Easter: A time for new beginnings
With Easter fast approaching thoughts have no doubt turned to all things chocolatey. However, for many, Easter is about new beginnings, which includes us here at MPA and many of the businesses we work alongside. New beginnings form an important part of the innovation cycle. A cycle which involves the exploration of new and untried ways of working, which may initially be unsuccessful, but, which sees processes reviewed and fine-tuned in order to develop a truly innovative product or service.
So while the road to success can be full of ups and downs, it’s important to recognise the lessons of failure. Whether that is the determination to try again, improved learnings, or even the understanding that failed innovation projects still qualify for R&D tax credits, failure by no means is the end.
Keeping with the theme of new beginnings, we’ve taken a look at some of the world’s highest profiles innovators and charted their journey to success.
Having started his first business in 1966, Richard Branson is forever recognised as ‘Mr Virgin’. It’s no surprise when you consider he’s actually launched 400 companies under the Virgin name, of which some have been huge failures. Some of the most notable have been Virgin Vodka, Virgin Cosmetics, Virginware and not forgetting Virgin Pulse and Virgin Digital, which were Branson’s answer to the iPod and iTunes respectively.
Of course, it’s not all been about Virgin’s failed attempts; Richard Branson has successfully sustained the triumph of the Virgin brand for over 40 years, creating eight hugely successful businesses in eight sectors, with an enterprise value of more than $1billion. And as the man himself says:
Richard Branson Founder at Virgin Group
You don’t learn to walk by following rules. You learn by doing and by falling over
Synonymous with Microsoft, and deemed one of the most successful businessmen of our generation, you’d be forgiven for thinking it’s all been plain sailing in the business world for Bill Gates. However, creating a big household name isn’t without its challenges.
Having dropped out of Harvard University in the Seventies, Bill set up Traf-O-Data, with the objective to collect and read raw data from roadway traffic counters and create reports for traffic engineers. Many feel that the business’ less than moderate success was a result of the technology being ahead of its time. Yet, while the failure of a first business may have been enough to discourage less discerning entrepreneurs, Bill took these learnings with him; and, driven by his passion for computer programming created Microsoft, making him the world’s youngest self-made billionaire, and the rest, as they say, is history.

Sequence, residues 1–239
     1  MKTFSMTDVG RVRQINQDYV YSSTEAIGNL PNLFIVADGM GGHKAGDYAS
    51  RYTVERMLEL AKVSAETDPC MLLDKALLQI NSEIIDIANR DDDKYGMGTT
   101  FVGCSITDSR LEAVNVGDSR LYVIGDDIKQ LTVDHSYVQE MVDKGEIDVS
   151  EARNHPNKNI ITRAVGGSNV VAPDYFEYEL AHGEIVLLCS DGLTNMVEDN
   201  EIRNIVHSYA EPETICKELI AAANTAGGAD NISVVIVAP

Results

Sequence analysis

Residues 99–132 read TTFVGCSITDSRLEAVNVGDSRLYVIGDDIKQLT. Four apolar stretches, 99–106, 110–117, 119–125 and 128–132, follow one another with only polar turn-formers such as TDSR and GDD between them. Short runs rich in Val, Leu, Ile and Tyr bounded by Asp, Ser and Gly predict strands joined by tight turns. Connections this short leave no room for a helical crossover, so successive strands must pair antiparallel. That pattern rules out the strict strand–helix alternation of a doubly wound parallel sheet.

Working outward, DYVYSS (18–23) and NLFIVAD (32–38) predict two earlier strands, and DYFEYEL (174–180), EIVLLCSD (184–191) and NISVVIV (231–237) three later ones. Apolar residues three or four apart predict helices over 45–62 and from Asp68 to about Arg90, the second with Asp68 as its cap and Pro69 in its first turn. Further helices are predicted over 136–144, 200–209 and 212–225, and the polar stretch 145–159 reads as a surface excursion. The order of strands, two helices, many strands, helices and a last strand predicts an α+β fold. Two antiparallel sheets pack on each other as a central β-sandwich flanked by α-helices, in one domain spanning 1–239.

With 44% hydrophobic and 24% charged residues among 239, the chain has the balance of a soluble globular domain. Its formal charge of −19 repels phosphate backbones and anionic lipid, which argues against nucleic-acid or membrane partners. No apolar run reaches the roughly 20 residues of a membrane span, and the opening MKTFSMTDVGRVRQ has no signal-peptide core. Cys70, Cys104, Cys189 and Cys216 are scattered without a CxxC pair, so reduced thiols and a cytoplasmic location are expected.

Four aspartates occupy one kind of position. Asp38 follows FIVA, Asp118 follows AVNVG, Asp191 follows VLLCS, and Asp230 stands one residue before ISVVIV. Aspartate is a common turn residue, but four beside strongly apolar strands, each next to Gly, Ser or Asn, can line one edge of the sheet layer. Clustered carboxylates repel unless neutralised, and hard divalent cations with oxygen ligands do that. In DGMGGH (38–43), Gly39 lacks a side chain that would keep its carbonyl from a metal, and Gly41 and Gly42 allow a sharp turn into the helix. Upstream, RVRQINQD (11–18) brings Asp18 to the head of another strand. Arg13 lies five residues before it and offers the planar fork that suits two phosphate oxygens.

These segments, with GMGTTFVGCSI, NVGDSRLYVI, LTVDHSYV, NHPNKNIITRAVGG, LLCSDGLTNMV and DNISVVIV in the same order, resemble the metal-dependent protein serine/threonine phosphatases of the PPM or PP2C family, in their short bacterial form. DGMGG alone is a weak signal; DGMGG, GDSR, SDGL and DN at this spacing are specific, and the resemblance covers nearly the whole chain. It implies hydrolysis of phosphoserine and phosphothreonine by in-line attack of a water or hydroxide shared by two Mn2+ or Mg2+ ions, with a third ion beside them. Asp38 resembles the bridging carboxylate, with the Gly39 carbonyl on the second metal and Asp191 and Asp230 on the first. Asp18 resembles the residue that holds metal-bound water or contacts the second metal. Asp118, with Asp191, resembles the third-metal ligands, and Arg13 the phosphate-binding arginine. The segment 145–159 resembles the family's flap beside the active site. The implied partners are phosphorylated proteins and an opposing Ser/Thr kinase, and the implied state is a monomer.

James Dyson is a huge advocate of failure, citing it as an essential part of the inventing process, offering a step towards a truly innovative solution. Having launched his first dual cyclone vacuum cleaner in 1993, a popular redesign inspired by giant cyclones used to get rid of wood dust in a sawmill, James has gone on to become a huge supporter of British engineering, opening a second technology campus recently.
However, behind the scenes it hasn’t always been easy. It actually took James a total of 15 years and some 5,126 failed versions of his popular vacuum before developing one that worked to become the huge success we recognise as Dyson. Speaking on the importance of failure, James is widely quoted as saying:
James Dyson Founder at Dyson
Enjoy failure and learn from it. You can never learn from success.
So, while for many Easter is all about the calorie overload there some very important lessons to be learnt about the importance of failure, and the ability to start again despite setbacks. After all, as Henry Ford said: “Failure is simply the opportunity to begin again, this time more intelligently.”
When the road to success for many innovators is often met with failure, here at MPA we understand businesses can really fuel growth by maximising their R&D tax relief claim. Maximising claim values even for those R&D projects which weren’t successful.
Our team of technical analysts provide real-world deep sector experience, which means they can quickly and easily understand the ins and outs of your product and service development activity and are able to make sure your business is claiming its full entitlement to R&D tax relief.